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Police identify serial killer responsible for I-65 murders decades ago

Investigators believe they have solved a series of killings that took place decades ago along Interstate 65 in Kentucky and Indiana. However, it’s not the outcome that victims’ families had hoped for over the past 30 years.

The "I-65 Killer," also dubbed the "Days Inn Killer," sexually assaulted and killed at least three women at motels along I-65 in Kentucky and Indiana in the 1980s.

At a news conference in Indianapolis on Tuesday, the FBI, Indiana State Police, and the Elizabethtown Police Department identified Harry Edward Greenwell as the killer, although he died in 2013. According to police, Greenwell had an extensive criminal history.

“This case really highlights the generational dedication of the Elizabethtown Police Department," said Chief of Operations David Fegett. "Our detectives take each case personally, and they never lose faith, give up hope that one day their case will see closure.”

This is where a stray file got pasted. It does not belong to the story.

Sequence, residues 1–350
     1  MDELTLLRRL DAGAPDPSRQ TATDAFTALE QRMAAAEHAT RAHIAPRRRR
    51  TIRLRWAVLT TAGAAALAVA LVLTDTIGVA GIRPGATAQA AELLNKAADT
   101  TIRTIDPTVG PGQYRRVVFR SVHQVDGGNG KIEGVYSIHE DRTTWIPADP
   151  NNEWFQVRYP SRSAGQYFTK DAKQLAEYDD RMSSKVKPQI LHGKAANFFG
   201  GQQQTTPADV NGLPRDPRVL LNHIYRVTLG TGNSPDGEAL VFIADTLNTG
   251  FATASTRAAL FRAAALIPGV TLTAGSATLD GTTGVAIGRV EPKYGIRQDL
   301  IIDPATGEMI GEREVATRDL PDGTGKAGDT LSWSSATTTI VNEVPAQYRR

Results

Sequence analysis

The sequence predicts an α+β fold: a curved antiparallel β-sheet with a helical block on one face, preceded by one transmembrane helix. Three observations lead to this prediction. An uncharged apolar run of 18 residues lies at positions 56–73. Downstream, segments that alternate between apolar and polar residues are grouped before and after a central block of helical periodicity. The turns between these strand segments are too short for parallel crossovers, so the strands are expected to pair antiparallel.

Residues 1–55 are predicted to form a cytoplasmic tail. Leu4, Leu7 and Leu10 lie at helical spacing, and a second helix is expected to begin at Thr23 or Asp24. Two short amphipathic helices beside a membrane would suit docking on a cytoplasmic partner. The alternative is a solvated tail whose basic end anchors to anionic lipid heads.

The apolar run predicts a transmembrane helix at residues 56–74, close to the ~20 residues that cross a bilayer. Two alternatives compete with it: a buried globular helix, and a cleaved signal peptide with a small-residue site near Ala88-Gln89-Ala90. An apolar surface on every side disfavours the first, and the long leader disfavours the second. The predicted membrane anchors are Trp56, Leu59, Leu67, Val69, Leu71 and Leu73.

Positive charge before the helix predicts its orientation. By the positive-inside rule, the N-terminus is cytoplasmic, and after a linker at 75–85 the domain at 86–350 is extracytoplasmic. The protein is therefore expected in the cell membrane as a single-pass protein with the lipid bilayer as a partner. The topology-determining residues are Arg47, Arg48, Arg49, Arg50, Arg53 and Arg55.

Greenwell was a Louisville native but lived in Iowa at the time of his death. The killer may be linked to other attacks and deaths, but his known victims were Vicki Heath from Radcliff, Kentucky in 1987, as well as Jeanne Gilbert and Mary “Peggy” Gill of Indiana in 1989. All three women worked at motels along the interstate.

In 1990, a clerk at Days Inn in Columbus, IN was sexually assaulted and stabbed. She survived and was able to describe her attacker to police. DNA linked the crime to the other women's killings.

Indiana State Police Superintendent Doug Carter said investigative genealogy, which wasn't available decades ago, was also used to identify Greenwell.

“The message here is, because of science and technological advances, to anybody contemplating committing these kinds of crimes, you cannot hide.”

Lisa is a Scottsville native and WKU alum. She has worked in radio as a news reporter and anchor for 18 years. Prior to joining WKU Public Radio, she most recently worked at WHAS in Louisville and WLAC in Nashville. She has received numerous awards from the Associated Press, including Best Reporter in Kentucky. Many of her stories have been heard on NPR.
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